The key question is whether the aircraft capable of delivering such "bombs" have the capacity, the experience and the technology to enable them to drop such "bombs" effectively. Also of extreme relevance is whether foodstuffs can be packaged such as to minimize the risk to useless destruction of their contents.
The technical issue has been evident for decades in multiple locations and has indicate the options (How to do a food airdrop, IRIN News, 30 July 2009). The latter indicates that according to the World Food Programme (WFP), air drops have delivered 1.5 million tons of aid in the world's worst emergencies over the past 15 years. In its busiest operation, in south Sudan, 2.5 million people in need were reached between 1990 and 2005 (WFP Airdrops Food In South Sudan: how does it work? WFP, 24 March 2014). In the total absence of delivery of supplies to Aleppo, the process is worth considering, whatever the percentage losses from such delivery. Has consideration been given to such packaging of relevance to the Aleppo situation? If not, why not?
In June 2016 it was announed that the World Food Programme had drawn up plans to airdrop aid to 19 regions of Syria (Sheena McKenzie, Humanitarian Airdrops: How do they work?, CNN, 4 June 2016). According to the latter, the U.N. program missed a June 1 deadline by the International Syria Support Group (made up of world powers, including the United States, Britain and France) to make airdrops if the Syrian government had not given permission to access the besieged areas -- regions where up to 592,000 people are trapped, according to the United Nations.
The dangers in Syria had been previously noted (Anderson Coope, The dangers of airdrops in ISIS territory, CNN, 8 August 2014). Air drops have been used in Iraq, arousing some controversy (Philip Ross, US Airdrops Iraq: what it is and how it works, IBTimes, 8 August 2014; Alessandria Masi, Is The US Bombing ISIS? Kurdish officials claim American forces struck ISIS targets in Iraq as humanitarian drops begin, IBTimes, 7 August 2014).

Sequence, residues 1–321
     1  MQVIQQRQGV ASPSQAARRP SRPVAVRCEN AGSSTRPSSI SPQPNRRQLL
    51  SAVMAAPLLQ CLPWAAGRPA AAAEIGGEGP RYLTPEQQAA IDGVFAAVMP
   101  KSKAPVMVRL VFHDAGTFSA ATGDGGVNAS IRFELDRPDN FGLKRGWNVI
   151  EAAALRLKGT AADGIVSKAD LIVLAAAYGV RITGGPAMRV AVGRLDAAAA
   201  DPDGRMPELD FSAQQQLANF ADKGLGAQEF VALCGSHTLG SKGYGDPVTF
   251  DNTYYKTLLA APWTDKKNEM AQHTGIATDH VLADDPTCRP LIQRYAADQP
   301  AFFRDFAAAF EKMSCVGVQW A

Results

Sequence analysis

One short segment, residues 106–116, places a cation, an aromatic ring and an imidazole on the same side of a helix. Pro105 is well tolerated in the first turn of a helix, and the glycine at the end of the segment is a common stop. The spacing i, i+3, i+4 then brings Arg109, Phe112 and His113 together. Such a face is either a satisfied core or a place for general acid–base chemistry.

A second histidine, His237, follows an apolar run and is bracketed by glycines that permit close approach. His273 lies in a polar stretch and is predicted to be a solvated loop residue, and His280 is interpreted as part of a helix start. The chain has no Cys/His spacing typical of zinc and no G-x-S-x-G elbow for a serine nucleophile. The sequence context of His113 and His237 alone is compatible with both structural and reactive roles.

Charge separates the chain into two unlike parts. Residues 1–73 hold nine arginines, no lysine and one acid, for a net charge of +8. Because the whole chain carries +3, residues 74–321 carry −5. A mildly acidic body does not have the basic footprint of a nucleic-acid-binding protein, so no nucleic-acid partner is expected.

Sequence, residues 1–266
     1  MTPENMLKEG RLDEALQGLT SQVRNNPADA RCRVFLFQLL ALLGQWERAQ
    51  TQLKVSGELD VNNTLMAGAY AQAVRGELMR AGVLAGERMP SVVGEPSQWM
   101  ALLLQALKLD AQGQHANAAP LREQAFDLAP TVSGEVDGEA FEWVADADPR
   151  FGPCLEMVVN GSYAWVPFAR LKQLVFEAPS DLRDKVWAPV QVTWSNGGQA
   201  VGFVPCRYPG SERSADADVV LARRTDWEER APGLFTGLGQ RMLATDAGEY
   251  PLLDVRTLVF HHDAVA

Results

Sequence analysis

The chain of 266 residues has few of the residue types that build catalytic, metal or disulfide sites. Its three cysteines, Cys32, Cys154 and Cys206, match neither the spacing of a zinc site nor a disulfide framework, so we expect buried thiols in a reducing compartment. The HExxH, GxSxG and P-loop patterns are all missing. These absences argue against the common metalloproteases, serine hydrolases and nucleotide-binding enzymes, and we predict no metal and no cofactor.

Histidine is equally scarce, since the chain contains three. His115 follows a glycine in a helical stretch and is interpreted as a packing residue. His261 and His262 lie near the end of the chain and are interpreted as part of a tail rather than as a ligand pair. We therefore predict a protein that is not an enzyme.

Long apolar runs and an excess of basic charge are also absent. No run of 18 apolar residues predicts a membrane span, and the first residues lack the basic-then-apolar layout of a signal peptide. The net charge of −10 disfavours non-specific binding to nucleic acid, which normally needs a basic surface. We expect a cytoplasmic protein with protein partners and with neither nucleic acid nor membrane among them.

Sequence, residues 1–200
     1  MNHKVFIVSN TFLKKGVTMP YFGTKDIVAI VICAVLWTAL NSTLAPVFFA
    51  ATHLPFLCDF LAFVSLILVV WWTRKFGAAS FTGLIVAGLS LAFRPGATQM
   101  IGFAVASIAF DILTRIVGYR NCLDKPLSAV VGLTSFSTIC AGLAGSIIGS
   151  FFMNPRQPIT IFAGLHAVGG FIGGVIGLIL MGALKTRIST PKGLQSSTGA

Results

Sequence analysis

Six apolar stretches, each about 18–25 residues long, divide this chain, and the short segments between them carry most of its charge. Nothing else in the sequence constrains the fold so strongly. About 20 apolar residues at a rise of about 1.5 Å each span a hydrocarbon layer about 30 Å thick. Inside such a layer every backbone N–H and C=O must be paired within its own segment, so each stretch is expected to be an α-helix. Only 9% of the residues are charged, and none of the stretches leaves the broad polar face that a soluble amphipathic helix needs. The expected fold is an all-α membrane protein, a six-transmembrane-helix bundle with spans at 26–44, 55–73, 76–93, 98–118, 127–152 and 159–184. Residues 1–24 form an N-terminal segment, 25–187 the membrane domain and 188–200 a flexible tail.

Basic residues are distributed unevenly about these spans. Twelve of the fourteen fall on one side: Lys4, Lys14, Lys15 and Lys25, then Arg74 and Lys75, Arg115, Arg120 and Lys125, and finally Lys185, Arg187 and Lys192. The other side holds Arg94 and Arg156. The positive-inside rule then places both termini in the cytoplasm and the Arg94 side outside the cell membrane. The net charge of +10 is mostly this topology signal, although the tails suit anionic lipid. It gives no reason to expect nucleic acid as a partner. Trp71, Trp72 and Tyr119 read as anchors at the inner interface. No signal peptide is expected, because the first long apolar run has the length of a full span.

Delivery options would appear to include deliver of food bombs from a height which significantly reduces the exposure of the aircraft to rocket fire. Use of parachutes would alleviate package destruction on impact. Is this viable? If not, why not? Food air drops have been undertaken by aid agencies in other arenas, but criticism has been expressed in some cases (Barbara Stocking, Drop the air drops, The Guardian, 14 May 2008; Chris Klimek, An Aerial Food Drop Over Syria Missed Its Target, and That's No Surprise, Air and Space, 9 March 2016). Revised modalities have been elicited (Ariel Schwartz, A Safer Humanitarian Air Drop: courtesy of crowdsourcing and the Air Force, Co.Exist, 25 January 2012).
An alternative option would be to deliver food bombs from aircraft flying at lower altitude, perhaps at higher speed -- increasing the risk. How are those risks to be evaluated, especially in the light of the piloting capacities of those most valued for relevant skills?
Given the enormous development of drone technology in relation to Middle Eastern arenas of conflict, there is clearly the option of delivering "food strikes" intelligently at far lower risk to those controlling the drones. Existing drones could be adapted to this end, as envisaged in 2012 (Airborne Drones Could Provide Innovative Method Of Delivering Food, Medicines, Kaiser Daily Global Health Policy Report, 30 April 2012; Jack C. Chow, Drones have revolutionized war: why not let them deliver aid? Foreign Policy, 27 April 2012). The latter notes that one firm, AeroVironment, is already marketing a trunk-sized drone purpose-built for civilian first-response missions. More recent initiative have been described (Signe Brewster, Building Drones to Deliver Medicine and Food to War-Torn Syria, Make Zine, 6 May 2015; Drop Blood not Bombs: drones to deliver emergency medicine to Rwanda, RT, 10 May 2016). Some fortunate initiatives have resulted from unexplained accidents (Drone Loaded with Food Instead of Bombs Still Baffling CIA, DDA, 4 January 2012).